Demand for folding paperboard boxes is expected to grow 3.9 percent per year through 2022, according to a study conducted by the Cleveland-based industry research firm The Freedonia Group. The forecast estimates the sector will produce $12.8 billion worth of goods in 2022.
In 2018, the Trump administration levied a 10 percent tariff on folding cartons from China that was scheduled to increase to 25 percent Jan. 1, 2019. In December 2018, however, China and the United States agreed on a temporary suspension of tariff increases.
If tariffs continue to rise as planned, they will result in increases in domestic production as well as a more rapid transition to flexible packaging formats, predicts The Freedonia Group in its new study Corrugated & Paperboard Boxes.
The U.S. maintains a trade deficit in folding paperboard boxes that accounted for about 5 percent of demand in 2017. The study’s findings in terms of trade include:
- by value, Canada supplies almost half of the folding cartons imported by the U.S. because of its geographic proximity and abundant forestry resources and paper mills; and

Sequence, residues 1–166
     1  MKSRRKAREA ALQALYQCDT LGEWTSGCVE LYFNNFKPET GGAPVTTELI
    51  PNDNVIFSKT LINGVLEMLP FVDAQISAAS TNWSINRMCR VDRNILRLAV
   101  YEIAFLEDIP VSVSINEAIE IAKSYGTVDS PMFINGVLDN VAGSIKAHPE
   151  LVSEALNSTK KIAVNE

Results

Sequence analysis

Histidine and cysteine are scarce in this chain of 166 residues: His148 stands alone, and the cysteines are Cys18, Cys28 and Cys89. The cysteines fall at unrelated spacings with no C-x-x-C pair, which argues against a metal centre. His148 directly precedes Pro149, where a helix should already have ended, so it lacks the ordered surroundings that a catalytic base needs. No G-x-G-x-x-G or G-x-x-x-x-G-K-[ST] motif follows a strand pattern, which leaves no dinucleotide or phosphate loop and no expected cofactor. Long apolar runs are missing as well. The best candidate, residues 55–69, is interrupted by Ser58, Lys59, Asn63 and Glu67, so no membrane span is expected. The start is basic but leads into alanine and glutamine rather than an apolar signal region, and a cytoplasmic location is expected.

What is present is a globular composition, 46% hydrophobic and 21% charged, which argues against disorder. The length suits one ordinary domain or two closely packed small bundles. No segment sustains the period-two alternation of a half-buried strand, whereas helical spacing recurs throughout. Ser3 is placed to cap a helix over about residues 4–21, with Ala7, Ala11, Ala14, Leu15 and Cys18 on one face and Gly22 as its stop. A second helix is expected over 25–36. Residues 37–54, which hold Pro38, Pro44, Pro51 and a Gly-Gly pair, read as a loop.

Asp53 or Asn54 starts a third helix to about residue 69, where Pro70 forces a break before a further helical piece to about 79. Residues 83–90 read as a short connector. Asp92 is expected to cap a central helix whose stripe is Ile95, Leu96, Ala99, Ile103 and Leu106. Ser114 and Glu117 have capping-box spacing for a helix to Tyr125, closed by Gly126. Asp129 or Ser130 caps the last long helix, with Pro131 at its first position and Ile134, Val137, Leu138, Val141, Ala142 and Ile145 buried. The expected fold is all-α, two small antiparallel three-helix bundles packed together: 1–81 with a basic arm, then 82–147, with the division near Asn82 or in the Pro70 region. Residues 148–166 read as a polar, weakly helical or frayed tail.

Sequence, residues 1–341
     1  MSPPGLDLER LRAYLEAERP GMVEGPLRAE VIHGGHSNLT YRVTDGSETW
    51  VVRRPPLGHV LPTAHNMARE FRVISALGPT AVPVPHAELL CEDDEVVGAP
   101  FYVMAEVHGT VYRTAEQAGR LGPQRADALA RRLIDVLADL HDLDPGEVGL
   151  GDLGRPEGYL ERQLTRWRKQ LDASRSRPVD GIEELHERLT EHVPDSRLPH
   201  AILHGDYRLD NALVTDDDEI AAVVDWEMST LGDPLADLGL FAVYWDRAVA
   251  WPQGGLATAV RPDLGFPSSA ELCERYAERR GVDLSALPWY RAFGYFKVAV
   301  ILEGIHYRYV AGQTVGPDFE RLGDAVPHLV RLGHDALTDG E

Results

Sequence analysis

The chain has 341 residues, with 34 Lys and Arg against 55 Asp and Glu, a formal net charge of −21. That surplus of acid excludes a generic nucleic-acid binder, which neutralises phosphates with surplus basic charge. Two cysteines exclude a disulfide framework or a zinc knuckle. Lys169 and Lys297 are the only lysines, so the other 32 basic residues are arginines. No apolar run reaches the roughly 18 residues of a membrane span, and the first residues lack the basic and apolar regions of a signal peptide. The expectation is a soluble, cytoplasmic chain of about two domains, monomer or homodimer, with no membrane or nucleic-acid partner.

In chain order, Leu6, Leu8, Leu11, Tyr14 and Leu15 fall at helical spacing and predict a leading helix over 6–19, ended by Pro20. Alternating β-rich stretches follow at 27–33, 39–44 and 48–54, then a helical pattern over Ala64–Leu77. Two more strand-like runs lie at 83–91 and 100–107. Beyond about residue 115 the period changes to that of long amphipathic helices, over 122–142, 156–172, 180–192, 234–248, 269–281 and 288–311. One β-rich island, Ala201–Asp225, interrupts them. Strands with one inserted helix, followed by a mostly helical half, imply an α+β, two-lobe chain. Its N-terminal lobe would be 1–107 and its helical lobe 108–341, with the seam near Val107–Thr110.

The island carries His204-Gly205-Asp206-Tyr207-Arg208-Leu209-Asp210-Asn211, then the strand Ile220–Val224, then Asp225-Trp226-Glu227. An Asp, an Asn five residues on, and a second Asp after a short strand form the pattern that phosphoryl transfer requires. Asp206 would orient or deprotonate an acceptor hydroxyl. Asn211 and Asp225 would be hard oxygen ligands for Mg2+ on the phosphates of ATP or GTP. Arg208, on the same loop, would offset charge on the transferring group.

- China is the second largest source of folding cartons – in both volume and value terms – because the country’s low manufacturing costs offset the cost of shipping these products.
Demand for all types of corrugated and paperboard boxes (i.e., corrugated and solid fiber, folding paperboard and setup paperboard) is forecast to increase 2.6 percent annually and grow to $42.5 billion in 2022. Nearly half of all new demand will stem from the food and beverage market, and 16 percent of new box sales will derive from the once small but rapidly growing e-commerce segment, according to the study.
The full 212-page Corrugated & Paperboard Boxes study is available for $5,500 from The Freedonia Group, with more information on this web page.